President Vladimir Putin, who faces the biggest protests of his 12-year rule, could lose power overnight if the oil price sinks and he fails to reduce corruption said Sergei Guriev, rector of the New Economic School in Moscow.
He said the former KGB spy was in little danger in the near future if the price of oil, the country’s main export commodity and a vital revenue source, remained over $100 per barrel.
But he said political upheaval could follow swiftly if the oil price sank and Putin, back in the Kremlin since May, failed to improve the investment climate or tame the corruption and bureaucracy that have plagued Russia for centuries.
“We all lived through the Soviet Union — which was forever until it was no more. … These systems change very quickly,” Guriev said at the Reuters Russia Investment Summit, recalling that few predicted the Soviet empire’s sudden demise two decades ago.
“The regime may fall apart overnight, and in a way that we don’t know. It may be in a peaceful way; it may be in a bloody way,” Guriev said.
Guriev is an active player in an “open government” initiative set up by Prime Minister Dmitry Medvedev that is pushing a business-friendly reform agenda, but he also has ties to one protest leader, lawyer and blogger Alexei Navalny.
He said he thought Putin would heed the warnings before it was too late but must urgently improve the investment climate to keep credibility with the business community.
Large capital outflows, which reached $80 billion last year, highlighted Russian investors’ pessimism, and the protests showed the dissatisfaction of the emerging middle class, he said.
Opinion pollsters say Putin’s traditional support is holding up in the provinces, but Guriev said: “I think (Putin) has already written off the Moscow middle class. … But the general public outside Moscow is also losing patience.”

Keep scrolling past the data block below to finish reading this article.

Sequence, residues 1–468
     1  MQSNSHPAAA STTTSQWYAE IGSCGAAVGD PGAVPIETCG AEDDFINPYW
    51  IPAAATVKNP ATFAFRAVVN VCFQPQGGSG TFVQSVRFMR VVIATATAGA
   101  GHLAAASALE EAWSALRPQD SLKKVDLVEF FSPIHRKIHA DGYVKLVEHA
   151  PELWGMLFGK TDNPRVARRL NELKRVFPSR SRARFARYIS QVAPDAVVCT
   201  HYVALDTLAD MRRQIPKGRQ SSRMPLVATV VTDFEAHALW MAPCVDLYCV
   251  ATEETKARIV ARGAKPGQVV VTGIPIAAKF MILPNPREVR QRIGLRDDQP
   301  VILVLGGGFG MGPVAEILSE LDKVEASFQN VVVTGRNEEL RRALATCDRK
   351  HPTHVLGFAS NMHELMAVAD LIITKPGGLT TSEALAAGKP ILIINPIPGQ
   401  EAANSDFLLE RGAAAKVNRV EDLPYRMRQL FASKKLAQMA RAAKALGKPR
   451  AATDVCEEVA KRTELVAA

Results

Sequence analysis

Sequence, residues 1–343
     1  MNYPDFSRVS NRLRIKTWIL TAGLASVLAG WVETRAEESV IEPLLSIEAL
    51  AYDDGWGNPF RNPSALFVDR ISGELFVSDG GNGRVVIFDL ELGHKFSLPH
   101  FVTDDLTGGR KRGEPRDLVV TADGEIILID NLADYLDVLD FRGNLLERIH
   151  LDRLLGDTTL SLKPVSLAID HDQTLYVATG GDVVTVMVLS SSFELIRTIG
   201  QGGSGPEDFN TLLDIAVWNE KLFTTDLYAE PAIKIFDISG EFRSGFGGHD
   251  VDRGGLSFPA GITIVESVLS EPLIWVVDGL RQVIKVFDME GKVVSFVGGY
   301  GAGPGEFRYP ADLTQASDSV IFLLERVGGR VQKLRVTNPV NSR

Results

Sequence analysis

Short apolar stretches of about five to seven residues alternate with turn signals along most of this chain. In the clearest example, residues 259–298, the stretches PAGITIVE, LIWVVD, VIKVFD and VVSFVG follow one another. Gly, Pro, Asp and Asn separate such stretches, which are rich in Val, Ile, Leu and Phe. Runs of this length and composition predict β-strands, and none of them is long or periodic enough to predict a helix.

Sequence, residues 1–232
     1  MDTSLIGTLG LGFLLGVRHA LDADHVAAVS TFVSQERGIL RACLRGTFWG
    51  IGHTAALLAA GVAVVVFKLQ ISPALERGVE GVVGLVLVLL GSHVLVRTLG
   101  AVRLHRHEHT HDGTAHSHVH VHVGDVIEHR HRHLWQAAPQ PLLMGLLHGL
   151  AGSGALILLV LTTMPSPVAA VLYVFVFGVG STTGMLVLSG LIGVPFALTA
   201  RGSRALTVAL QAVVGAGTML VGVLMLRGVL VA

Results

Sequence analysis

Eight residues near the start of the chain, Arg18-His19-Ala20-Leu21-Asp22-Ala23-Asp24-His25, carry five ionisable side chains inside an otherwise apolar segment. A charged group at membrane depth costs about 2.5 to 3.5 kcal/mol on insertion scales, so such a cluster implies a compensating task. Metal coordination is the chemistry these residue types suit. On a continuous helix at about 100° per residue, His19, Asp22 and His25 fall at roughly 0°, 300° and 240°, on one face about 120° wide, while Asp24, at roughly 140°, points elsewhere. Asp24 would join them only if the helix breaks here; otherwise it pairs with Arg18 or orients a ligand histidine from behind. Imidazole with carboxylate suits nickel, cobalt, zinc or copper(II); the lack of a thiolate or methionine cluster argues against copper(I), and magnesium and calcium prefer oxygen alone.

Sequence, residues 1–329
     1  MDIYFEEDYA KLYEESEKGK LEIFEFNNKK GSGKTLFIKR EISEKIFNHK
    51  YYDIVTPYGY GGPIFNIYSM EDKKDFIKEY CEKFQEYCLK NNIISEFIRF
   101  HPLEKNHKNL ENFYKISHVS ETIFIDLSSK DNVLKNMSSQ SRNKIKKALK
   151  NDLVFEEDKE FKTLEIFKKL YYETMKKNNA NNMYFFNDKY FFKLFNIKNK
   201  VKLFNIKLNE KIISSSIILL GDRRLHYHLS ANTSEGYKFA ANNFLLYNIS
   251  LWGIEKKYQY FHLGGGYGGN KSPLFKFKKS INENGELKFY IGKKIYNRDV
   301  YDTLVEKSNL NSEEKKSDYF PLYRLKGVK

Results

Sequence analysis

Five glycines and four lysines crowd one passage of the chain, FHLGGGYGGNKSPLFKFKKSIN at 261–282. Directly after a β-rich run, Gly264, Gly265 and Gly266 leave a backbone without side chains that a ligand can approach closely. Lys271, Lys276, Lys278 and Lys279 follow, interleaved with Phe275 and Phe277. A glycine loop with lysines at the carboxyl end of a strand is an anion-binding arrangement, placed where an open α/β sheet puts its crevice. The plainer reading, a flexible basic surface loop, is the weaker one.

“If he didn’t care, we wouldn’t see all this repression,” he said, referring to new laws that increase potential fines for protesters, tighten controls on the Internet and force lobbying groups that receive funding from abroad to register with the authorities as foreign agents and undergo additional checks.
An anti-corruption drive would be a more effective way for Putin to disarm the opposition, which has made fighting graft a top demand, and help shore up his own popularity, Guriev said.
“If Putin fights corruption successfully, the opposition is gone,” he said. “If Putin doesn’t fight corruption, he’s gone, and a new government will fight corruption.”
Guriev forecast growth of 3 percent in 2013 — a relatively low level compared with that of recent years — but said that even this rate would depend on the oil price. Were the price to fall to $60 per barrel, fiscal reserves would run out in two years, causing a crisis in the government’s finances, he said.
The oil price at which Russia’s budget balances has risen above $100 per barrel, from between $50 and $55 per barrel five years ago.
“The government is popular (with ordinary Russians) because it spends more and more and more,” he said. “If the oil price were $55, and the government could spend only what it can afford at $55, I think Putin would be gone.”